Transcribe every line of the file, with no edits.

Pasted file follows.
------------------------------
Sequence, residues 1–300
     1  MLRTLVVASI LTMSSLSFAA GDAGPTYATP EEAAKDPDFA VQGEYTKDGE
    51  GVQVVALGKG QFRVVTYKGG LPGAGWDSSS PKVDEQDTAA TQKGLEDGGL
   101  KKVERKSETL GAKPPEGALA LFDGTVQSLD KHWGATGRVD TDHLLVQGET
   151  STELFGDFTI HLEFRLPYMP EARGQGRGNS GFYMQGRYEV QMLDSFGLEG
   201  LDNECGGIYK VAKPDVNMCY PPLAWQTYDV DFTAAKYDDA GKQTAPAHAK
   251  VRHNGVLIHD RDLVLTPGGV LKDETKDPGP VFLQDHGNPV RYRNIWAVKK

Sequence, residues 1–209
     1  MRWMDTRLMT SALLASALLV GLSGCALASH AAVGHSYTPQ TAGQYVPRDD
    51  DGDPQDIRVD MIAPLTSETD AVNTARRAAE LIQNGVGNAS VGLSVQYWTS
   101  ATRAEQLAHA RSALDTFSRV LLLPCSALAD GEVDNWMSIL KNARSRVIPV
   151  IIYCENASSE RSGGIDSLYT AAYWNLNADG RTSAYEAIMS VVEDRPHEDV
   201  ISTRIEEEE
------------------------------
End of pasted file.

Sequence, residues 1–300
     1  MLRTLVVASI LTMSSLSFAA GDAGPTYATP EEAAKDPDFA VQGEYTKDGE
    51  GVQVVALGKG QFRVVTYKGG LPGAGWDSSS PKVDEQDTAA TQKGLEDGGL
   101  KKVERKSETL GAKPPEGALA LFDGTVQSLD KHWGATGRVD TDHLLVQGET
   151  STELFGDFTI HLEFRLPYMP EARGQGRGNS GFYMQGRYEV QMLDSFGLEG
   201  LDNECGGIYK VAKPDVNMCY PPLAWQTYDV DFTAAKYDDA GKQTAPAHAK
   251  VRHNGVLIHD RDLVLTPGGV LKDETKDPGP VFLQDHGNPV RYRNIWAVKK

Sequence, residues 1–209
     1  MRWMDTRLMT SALLASALLV GLSGCALASH AAVGHSYTPQ TAGQYVPRDD
    51  DGDPQDIRVD MIAPLTSETD AVNTARRAAE LIQNGVGNAS VGLSVQYWTS
   101  ATRAEQLAHA RSALDTFSRV LLLPCSALAD GEVDNWMSIL KNARSRVIPV
   151  IIYCENASSE RSGGIDSLYT AAYWNLNADG RTSAYEAIMS VVEDRPHEDV
   201  ISTRIEEEE